I enjoyed the film, but I think it's extremely uneven. I have a high tolerance for this sort of thing. In my youth I watched 2001, at the theater, many times.

Also, pet peeve, apparently the title should be Intergalactic. But in these movies, when someone mentions going to another galaxy, I never get the sense they have any appreciation for just how far away that is.

Let's go to a galaxy far, far away,
(exactly how far, let's not bother to say)
but since we've got a space-time hole
it won't take long to reach our goal,
just watch out for relativistic clocks
that lose it with their ticks and tocks.

Friday, November 07, 2014

Twisting The Night Away

I was kind of amused by this inscrutable exchange between a college student reporter and Robert Downey Jr.:

“Scarlett Johansson has never had her own superhero movie. Would you call yourself a feminist?”

“You bastard. Yeah, that’s all make believe, son.”

This is being relayed as "He said feminism is make believe."

This was from a session in which a reporter also asked him about the size of his manhood.

Remember: words only exist
so you can creatively twist
them into a form that offends
you and your friends.

Another Illinois Scandal

This is interesting, from the Chicago Sun-Times:

"Dr. Eric E. Whitaker, one of President Barack Obama’s closest friends, has refused to answer federal prosecutors’ questions about whether he had a “sexual relationship” with a former aide who pleaded guilty to stealing $400,000 in taxpayers’ money in a scheme that began when Whitaker was her boss at the Illinois Department of Public Health, court records show."

Perhaps he found the question too complex.
People mean so many things by "sex".

Wednesday, November 05, 2014

Purple Illinois

We have a new governor, here in Illinois, a Republican, a very successful businessman who hasn't held office before. I'm not sure what his motivation is in seeking office. He doesn't need it for the money. Is he simply public-spirited? Would he enjoy the power? The glory of actually turning the state around?

The state could use some turning around. Our finances, our public pension plans in particular, are in perilous shape. And compared to neighboring states, our economy is not doing well.

I'm not sure what a Republican governor can do with a strongly Democratic state house & senate. Yeah, it's the reverse of the national situation.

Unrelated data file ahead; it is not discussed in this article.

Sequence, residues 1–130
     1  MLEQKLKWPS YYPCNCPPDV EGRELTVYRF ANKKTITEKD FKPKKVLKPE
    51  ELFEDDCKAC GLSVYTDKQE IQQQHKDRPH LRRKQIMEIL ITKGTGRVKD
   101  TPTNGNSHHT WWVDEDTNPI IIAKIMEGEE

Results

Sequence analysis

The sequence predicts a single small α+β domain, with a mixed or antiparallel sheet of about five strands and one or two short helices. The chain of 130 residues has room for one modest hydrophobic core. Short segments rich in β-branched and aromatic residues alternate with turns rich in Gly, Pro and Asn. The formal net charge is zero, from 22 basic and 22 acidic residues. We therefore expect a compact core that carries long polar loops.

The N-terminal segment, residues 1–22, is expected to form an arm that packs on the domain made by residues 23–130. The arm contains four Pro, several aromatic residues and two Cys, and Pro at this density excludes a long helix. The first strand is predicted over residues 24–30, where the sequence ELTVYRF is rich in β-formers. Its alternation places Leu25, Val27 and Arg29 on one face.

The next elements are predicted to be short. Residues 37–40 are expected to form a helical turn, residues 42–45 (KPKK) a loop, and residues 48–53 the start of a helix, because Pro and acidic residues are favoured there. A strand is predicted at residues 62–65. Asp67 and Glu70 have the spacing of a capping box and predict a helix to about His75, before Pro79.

It would certainly be great
to improve the state of the state.

But it won't be much of a shock
if it turns to solid grid lock.

Tuesday, November 04, 2014


Always vote for the losing name.
That way you get none of the blame.

And none will question your right to complain,
if the guy who wins proves insane.

Monday, November 03, 2014


I really enjoyed an article in WaPo about an American physician, Lewis Rubinson, who was in Africa treating Ebola patients - when he accidentally stuck himself with a possibly-contaminated needle. It's an inside take, not really political, more just human, on what it's like to fight the disease in Africa, and then what it's like to be held in an isolation unit in America... while waiting to see if you have the disease, and watching TV:

"The TV experts reiterated that U.S. hospitals were prepared to care for patients with Ebola. How could they be? Rubinson thought. All 6,000 or so hospitals? ...He didn’t think that people were reassured by oversimplified messages."

I fear that "TV expert"
is a contradiction in terms.

And oversimplification
always gives me the squirms.

Sunday, November 02, 2014

Steel Cable News

A famous tight rope walker came here, and tonight walked across a steel cable between 2 skyscrapers, traversing the river in the process.

It's a risky family tradition:

"Thirty-six years ago, Wallenda’s 73-year-old great-grandfather Karl Wallenda fell to his death attempting a wire walk between two hotel towers on a windy day in Puerto Rico."

I didn't watch it.
But I'm glad he didn't botch it.